Josh began his new garden and started weaving and selling coiled sweetgrass baskets, a craft that was brought by slaves from West Africa to the South Carolina low country in the late 17th Century. (Julie Breeding designed the logo and tag.)  Sewing baskets with lemongrass, seagrass, bulrush, and the needles from long leaf pine was said to be, “a gift from God.”

Josh Brands and Mary Ellen Moore in the Nelson County, Kentucky Courthouse Photo Courtesy of The Kentucky Standard
Josh Brands and Mary Ellen Moore in the Nelson County, Kentucky Courthouse
Photo Courtesy of The Kentucky Standard

Bardstown’s Basilica of St. Joseph Proto-Cathedral was the first Catholic cathedral west of the Alleghenies. One hundred and fifty people showed up for Josh’s memorial mass. The Nelson County Clerk’s office was closed so that Josh’s colleagues could attend. His workers adored his joy and humor.

Following hymns, readings, and a homily, the priest welcomed Catholic parishioners to come forward for the Holy Eucharist. Julie, a self-described heathen, asked me, a card-carrying Episcopalian, if it was all right to take the Catholic Eucharist before the Altare Privilegiatum (The Privileged Altar). “Sure, come on.” When we arrived, Julie was unsure of the two-step sacrament. When she received the wafer, she asked, “Which way do I go for the wine?” The priest caught us! “You’re not Catholic?” We were turned away at the Privileged Altar.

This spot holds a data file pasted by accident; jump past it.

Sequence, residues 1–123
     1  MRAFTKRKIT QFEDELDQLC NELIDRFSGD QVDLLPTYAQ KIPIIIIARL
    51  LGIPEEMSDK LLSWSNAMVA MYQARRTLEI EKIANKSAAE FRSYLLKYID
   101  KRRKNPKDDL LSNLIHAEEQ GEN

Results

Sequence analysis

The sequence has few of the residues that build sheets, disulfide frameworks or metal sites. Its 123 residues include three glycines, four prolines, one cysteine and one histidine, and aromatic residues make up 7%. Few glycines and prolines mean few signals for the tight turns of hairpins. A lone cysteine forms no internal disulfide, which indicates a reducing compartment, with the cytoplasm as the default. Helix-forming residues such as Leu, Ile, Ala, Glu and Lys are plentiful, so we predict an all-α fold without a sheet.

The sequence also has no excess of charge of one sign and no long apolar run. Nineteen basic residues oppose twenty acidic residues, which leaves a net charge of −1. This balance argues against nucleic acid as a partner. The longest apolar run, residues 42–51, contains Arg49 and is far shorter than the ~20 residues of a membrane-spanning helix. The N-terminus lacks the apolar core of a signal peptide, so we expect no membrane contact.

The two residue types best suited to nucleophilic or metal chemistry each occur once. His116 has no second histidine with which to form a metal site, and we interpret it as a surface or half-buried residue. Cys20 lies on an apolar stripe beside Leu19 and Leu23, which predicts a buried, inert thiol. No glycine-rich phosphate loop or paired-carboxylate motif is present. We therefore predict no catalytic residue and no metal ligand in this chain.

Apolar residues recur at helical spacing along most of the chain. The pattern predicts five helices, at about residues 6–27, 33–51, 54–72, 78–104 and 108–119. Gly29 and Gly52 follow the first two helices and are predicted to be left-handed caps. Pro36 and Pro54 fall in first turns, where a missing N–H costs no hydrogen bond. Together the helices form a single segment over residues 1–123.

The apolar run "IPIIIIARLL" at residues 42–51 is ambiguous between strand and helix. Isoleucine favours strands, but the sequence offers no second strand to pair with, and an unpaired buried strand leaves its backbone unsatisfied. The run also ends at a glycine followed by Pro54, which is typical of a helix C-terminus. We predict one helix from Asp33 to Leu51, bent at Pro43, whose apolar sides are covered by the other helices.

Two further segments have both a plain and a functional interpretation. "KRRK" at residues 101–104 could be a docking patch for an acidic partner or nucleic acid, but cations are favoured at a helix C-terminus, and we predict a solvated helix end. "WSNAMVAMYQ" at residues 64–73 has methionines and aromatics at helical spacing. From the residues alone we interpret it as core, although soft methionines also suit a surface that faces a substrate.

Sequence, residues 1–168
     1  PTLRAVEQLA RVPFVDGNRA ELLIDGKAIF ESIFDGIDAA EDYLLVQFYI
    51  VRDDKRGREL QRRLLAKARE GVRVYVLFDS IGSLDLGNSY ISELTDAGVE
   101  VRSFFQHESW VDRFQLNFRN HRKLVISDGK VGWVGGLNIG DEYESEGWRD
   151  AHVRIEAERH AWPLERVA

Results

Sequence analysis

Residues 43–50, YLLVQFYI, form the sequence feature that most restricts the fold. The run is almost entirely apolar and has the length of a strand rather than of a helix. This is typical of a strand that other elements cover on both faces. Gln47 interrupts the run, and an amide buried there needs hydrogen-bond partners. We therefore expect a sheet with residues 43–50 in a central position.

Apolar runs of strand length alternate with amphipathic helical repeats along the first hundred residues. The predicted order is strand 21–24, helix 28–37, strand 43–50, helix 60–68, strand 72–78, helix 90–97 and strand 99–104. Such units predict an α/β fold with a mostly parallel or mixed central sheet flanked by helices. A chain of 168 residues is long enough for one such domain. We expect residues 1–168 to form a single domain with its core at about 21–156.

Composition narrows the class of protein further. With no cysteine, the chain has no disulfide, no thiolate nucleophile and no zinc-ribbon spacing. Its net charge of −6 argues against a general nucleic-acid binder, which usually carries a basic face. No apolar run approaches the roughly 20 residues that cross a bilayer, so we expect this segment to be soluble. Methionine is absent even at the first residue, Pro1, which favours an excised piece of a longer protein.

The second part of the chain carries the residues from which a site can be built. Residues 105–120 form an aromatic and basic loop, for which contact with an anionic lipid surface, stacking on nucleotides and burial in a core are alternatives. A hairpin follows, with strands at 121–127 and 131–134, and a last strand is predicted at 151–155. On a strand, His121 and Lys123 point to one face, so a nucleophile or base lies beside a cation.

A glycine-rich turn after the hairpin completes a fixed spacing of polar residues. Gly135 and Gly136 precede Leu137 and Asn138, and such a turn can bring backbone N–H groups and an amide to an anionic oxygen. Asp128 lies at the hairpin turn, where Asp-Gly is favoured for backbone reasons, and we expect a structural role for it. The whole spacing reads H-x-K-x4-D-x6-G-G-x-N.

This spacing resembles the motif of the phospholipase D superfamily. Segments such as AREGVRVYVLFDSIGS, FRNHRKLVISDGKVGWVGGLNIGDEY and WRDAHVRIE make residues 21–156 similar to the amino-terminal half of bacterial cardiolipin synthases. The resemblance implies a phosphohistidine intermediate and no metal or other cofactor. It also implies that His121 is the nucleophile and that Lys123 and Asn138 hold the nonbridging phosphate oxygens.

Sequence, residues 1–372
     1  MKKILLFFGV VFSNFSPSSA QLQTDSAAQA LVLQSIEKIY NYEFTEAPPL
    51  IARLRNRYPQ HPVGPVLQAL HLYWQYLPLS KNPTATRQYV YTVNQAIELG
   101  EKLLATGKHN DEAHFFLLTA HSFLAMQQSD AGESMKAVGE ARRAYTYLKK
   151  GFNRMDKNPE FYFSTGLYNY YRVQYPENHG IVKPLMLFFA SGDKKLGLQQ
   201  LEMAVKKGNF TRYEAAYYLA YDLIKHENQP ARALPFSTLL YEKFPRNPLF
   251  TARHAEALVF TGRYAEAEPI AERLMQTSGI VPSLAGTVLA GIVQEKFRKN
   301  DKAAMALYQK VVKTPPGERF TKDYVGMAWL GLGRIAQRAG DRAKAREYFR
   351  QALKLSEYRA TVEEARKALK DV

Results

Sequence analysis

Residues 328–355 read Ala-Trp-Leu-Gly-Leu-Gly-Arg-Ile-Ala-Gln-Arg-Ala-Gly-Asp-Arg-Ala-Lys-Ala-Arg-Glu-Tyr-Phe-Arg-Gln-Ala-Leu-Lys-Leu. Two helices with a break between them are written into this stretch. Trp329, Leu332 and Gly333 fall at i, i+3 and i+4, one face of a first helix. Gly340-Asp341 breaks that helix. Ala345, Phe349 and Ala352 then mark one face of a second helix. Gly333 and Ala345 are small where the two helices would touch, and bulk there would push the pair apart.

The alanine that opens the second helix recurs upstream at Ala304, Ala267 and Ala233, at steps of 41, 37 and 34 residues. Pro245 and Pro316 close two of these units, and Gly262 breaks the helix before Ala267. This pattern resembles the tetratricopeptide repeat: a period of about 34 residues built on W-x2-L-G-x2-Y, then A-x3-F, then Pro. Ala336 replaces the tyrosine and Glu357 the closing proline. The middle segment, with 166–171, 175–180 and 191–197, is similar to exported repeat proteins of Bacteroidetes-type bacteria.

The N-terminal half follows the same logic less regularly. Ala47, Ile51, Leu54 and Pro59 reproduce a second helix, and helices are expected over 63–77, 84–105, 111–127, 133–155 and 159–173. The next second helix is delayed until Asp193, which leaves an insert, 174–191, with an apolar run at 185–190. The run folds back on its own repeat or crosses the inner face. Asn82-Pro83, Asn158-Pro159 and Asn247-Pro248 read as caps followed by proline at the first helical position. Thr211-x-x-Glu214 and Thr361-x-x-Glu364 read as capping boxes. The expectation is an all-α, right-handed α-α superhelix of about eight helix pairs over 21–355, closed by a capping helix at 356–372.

Good Heavens!


  1. How sad that such a lovely and accomplished man was treated so shabbily by his own. And even sadder that you, his friends, were turned away from the altar simply because you weren’t Catholic. Organized religion is why we can’t have nice things. I gave up on it years ago.

  2. Susan, Josh’s memorial service was lovely. The Bardstown, Kentucky church is beautiful. The hymns were joyful and the priest gave a good homily. I can easily imagine Josh, looking at Julie Breeding and me from heaven above, while we trotted to the altar. He would have been laughing uproariously.

  3. Your portrait of Josh resonates, Allen: thanks for conveying a glimmer of a connoisseur of the spirit and the world. It’s true that organized anything usually binds the free spirited with time.

    You may have been denied the wafer, but you’ve honored the man it was intended for more than the church he so faithfully served. People like Josh transcend their institutions, and like your piece, remind us that it’s the quiddity of the human soul that we should really treasure.